(a) Under regulations prescribed under section 5738 of this title and when the head of the agency concerned or his designee authorizes or approves, the agency shall pay from Government funds--
(1) the travel expenses of an employee transferred in the interest of the Government from one official station or agency to another for permanent duty, and the transportation expenses of his immediate family, or a commutation thereof under section 5704 of this title.
. . . .
(h) When a transfer is made primarily for the convenience or benefit of an employee, including an employee in the Foreign Service of the United States, or at his request, his expenses of travel and transportation and the expenses of transporting, packing, crating, temporarily storing, draying, and unpacking of household goods and personal effects may not be allowed or paid from Government funds.
5 U.S.C. § 5724a
(a) [A]n agency shall pay to or on behalf of an employee who transfers in the interest of the Government, a per diem allowance or the actual subsistence expenses, or a combination thereof, of the immediate family of the employee for en route travel of the immediate family between the employee's old and new official stations.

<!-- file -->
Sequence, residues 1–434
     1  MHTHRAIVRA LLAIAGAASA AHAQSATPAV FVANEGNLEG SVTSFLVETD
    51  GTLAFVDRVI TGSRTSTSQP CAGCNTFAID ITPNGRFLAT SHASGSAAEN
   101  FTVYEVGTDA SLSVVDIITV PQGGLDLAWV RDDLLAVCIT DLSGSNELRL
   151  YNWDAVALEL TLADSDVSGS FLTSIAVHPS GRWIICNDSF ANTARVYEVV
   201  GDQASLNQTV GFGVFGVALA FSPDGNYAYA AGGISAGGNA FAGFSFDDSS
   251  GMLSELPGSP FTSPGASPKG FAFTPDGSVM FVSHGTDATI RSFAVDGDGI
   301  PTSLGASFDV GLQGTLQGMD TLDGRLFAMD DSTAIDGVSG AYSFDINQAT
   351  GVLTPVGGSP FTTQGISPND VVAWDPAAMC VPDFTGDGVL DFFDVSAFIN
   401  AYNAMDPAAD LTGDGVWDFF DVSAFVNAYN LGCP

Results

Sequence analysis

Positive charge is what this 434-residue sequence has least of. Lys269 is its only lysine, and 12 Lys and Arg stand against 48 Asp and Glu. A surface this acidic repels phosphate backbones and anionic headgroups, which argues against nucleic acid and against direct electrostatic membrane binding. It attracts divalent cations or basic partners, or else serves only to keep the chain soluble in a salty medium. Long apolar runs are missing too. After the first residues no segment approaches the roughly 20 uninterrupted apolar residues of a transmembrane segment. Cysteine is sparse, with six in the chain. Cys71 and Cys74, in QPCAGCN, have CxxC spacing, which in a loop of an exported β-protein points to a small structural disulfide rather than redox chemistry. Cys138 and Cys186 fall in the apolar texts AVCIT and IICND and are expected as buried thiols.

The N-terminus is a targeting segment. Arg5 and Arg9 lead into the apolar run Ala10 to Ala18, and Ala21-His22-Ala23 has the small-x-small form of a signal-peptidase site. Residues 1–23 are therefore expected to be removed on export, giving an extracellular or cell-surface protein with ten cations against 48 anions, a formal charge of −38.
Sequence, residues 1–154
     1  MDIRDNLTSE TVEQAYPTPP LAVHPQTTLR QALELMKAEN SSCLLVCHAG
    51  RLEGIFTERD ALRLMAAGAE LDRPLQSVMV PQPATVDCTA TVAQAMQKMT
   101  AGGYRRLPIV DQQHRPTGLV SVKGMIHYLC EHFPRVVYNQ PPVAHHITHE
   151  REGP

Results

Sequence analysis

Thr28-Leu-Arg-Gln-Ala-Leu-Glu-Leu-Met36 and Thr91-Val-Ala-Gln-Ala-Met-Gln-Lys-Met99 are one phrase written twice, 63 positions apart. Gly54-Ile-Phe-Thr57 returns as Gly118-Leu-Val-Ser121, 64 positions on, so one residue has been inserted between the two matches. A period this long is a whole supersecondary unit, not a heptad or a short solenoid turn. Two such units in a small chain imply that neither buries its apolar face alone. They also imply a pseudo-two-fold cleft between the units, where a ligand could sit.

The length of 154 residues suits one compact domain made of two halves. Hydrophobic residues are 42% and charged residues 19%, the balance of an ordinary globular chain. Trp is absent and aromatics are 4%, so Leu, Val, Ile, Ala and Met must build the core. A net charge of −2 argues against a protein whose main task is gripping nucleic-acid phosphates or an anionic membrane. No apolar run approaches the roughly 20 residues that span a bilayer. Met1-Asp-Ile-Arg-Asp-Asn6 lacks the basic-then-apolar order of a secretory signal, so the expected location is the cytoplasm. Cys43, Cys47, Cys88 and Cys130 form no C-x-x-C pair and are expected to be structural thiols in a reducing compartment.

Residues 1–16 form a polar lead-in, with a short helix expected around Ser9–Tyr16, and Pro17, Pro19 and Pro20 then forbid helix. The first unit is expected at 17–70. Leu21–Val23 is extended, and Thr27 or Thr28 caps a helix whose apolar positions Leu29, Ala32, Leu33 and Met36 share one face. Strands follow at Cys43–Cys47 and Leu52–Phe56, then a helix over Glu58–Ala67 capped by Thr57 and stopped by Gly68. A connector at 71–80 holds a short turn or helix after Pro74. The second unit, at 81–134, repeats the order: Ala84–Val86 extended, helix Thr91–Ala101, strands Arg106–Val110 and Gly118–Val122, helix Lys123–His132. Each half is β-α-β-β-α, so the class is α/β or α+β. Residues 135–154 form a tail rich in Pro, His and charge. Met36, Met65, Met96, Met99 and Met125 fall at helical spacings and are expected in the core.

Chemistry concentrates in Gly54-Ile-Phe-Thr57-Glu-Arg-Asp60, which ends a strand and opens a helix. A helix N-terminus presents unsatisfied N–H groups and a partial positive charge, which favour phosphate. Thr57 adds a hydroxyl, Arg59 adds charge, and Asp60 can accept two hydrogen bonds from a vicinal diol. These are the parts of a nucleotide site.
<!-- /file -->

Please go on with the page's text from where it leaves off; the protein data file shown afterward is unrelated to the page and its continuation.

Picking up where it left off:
. . . .
(d)(1) [A]n agency shall pay to or on behalf of an employee who transfers in the interest of the Government, expenses of the sale of the residence (or the settlement of an unexpired lease) of the employee at the old official station and purchase of a residence at the new official station that are required to be paid by the employee, when the old and new official stations are located within the United States.
. . . .
(f)(1) [A]n employee who is reimbursed under subsections (a) through (e) of this section or section 5724(a) of this title is entitled to an amount for miscellaneous expenses--
(A) not to exceed two weeks' basic pay, if such employee has an immediate family; or
(B) not to exceed one week's basic pay, if such employee does not have an immediate family. . . .
Footnote # 1 for 60 FLRA No. 1 - Authority's Decision
The Agency disagreed with the Union's assertion that priority consideration required a selecting official to select an employee who exercised priority consideration but is minimally qualified. Award at 5.